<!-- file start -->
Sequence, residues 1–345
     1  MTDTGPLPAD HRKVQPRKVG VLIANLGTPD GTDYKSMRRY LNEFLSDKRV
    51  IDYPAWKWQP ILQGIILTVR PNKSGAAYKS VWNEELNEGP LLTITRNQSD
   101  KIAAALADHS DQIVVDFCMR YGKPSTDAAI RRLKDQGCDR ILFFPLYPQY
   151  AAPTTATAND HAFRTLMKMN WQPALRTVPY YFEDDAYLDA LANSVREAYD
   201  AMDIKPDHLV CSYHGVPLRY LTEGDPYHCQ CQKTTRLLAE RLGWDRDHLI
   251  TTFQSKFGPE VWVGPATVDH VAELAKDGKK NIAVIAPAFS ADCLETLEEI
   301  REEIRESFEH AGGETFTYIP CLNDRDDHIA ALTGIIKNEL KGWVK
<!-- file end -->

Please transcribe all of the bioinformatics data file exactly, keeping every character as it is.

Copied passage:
Sequence, residues 1–345
     1  MTDTGPLPAD HRKVQPRKVG VLIANLGTPD GTDYKSMRRY LNEFLSDKRV
    51  IDYPAWKWQP ILQGIILTVR PNKSGAAYKS VWNEELNEGP LLTITRNQSD
   101  KIAAALADHS DQIVVDFCMR YGKPSTDAAI RRLKDQGCDR ILFFPLYPQY
   151  AAPTTATAND HAFRTLMKMN WQPALRTVPY YFEDDAYLDA LANSVREAYD
   201  AMDIKPDHLV CSYHGVPLRY LTEGDPYHCQ CQKTTRLLAE RLGWDRDHLI
   251  TTFQSKFGPE VWVGPATVDH VAELAKDGKK NIAVIAPAFS ADCLETLEEI
   301  REEIRESFEH AGGETFTYIP CLNDRDDHIA ALTGIIKNEL KGWVK